It was inevitable that fans would compare Solar Opposites to Rick and Morty. Not only is Hulu’s comedy created by some of the same people, but it even looks like Rick and Morty. You know it, we know it, and co-creator Mike McMahan knows it too.
“I think the artistic style, what you’re seeing on screen, does look like Rick and Morty,” McMahan told Slash Film. “To me it looks like Justin Roiland’s art, and Rick and Morty looks like his art, and so do his games… You can’t ignore the gravitational pull of something as awesome as Rick and Morty.”
Thanks to a surprise season 1 cameo, Solar Opposites is even connected to Rick and Morty in a roundabout way too. But that doesn’t mean all these connections are necessarily welcome.
In a recent review, Inverse described season one of Solar Opposites as a “rejected Interdimensional Cable joke”, comparing the show to a bizarre fictional network from Rick and Morty. Whether you agree with that or not (we don’t), Solar Opposites has definitely broken free of Rick and Morty’s “gravitational pull” with its second season, standing on its own two freaky alien feet.
Everything that worked in season one is intensified here for the better, as if Korvo shot a “bigger and better” sci-fi ray at the whole show this time round. The jokes hit harder, the storylines are more self-referential than ever before, and most importantly of all, season two consolidates its identity as something very different and separate from Rick and Morty.
While Justin Roiland’s other show follows the Smith family on wild adventures throughout the multiverse, Solar Opposites plays around with sci-fi tropes within a classic, homebound sitcom setting.
ogether, Korvo, Terry, Jesse and Yumyulack are much like any other family, except they occasionally try and kill each other. Oh, and there’s also The Pupa, a ticking time-bomb who will one day wipe out humanity and terraform the planet to match their homeworld.
But you don’t need to know any of this going in thanks to a handy intro that spells all this out. And you don’t even need to have watched the first season to enjoy these new episodes, but missing out on that initial run would be a mistake. Not only is it far better than that aforementioned review gave it credit for, but you also need to watch season one if you have any hope of making sense out of The Wall storyline threaded throughout.
What started out as a hilarious bit where Yumyulack imprisoned miniaturised humans soon became an integral and much lauded part of the show. As the first episodes progressed, we learned that an entire society has been created within the terrarium. While the aliens get up to their wacky hijinks outside, the people trapped within faced constant danger with a po-faced seriousness that’s just as funny.
This season, the pace of The Wall storyline has changed somewhat, but even then, it remains a highlight of the show, and one standalone episode about these mini people will undoubtedly be up for Emmys next year if there’s any justice.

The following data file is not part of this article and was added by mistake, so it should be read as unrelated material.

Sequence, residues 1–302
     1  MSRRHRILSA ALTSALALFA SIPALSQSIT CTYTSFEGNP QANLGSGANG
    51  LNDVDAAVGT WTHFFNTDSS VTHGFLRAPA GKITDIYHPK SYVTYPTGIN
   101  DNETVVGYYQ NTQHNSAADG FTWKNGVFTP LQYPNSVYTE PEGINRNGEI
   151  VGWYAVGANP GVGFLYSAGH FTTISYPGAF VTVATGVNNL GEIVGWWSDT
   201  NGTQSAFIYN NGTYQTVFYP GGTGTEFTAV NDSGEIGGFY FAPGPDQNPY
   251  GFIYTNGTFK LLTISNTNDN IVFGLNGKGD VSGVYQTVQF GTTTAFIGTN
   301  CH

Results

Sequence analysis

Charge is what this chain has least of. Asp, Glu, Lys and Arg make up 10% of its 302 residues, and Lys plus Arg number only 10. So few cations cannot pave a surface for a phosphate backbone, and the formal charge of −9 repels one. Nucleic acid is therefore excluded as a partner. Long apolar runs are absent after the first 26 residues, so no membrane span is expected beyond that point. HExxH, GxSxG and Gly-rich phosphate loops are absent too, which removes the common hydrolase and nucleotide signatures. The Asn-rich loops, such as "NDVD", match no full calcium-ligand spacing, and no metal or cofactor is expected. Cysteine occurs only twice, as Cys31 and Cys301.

Parodies abound in this side-story, and that’s true of the main narrative too. Some of the sci-fi references are to be expected, but what Solar Opposites does so well is throw curveballs into the mix. Just when you think you might have it figured out, the show gives us an entire Lake House parody that will change the way you look at this classic Keanu Reeves movie.
More traditional sitcom arcs are also flipped on their head this season, including an “inspirational” sports narrative and a summer camp story that evolves into something breathtakingly monstrous and complex. That’s not to say Solar Opposites itself becomes overly complicated in season two, the aliens are just as silly as you remember, but crucially, the show is more fun than ever.
Having said that though, longtime fans might notice a subtle shift in the family’s demeanour. Back in season one, our loveable aliens made some terrible mistakes, but they were mostly born of confusion and a lack of awareness. This time around though, the aliens actively insult and bully people at various points in some impressively creative and painfully cruel ways we can’t detail here just yet.
In that sense, the second season of Solar Opposites is more like Rick and Morty. That show’s nihilistic outlook has long been spearheaded by Rick in ways that often verge on unlikeable. And that same accusation can now be levelled at Terry and Korvo too. Some of the things they and their “children” do are incredibly mean-spirited, especially towards the end, and that might ruin or enhance the humour depending on what mood you’re in.
But ultimately, Solar Opposites is very much its own beast, much like that unfortunate pig creature the aliens tie up in their basement.
As Mike McMahan mentioned in that earlier interview, “there’s no Rick on our show”. And there doesn’t need to be one either, because Solar Opposites has a “gravitational pull” of its own, one that could even eclipse Justin Roiland’s biggest show eventually if season two is anything to go by.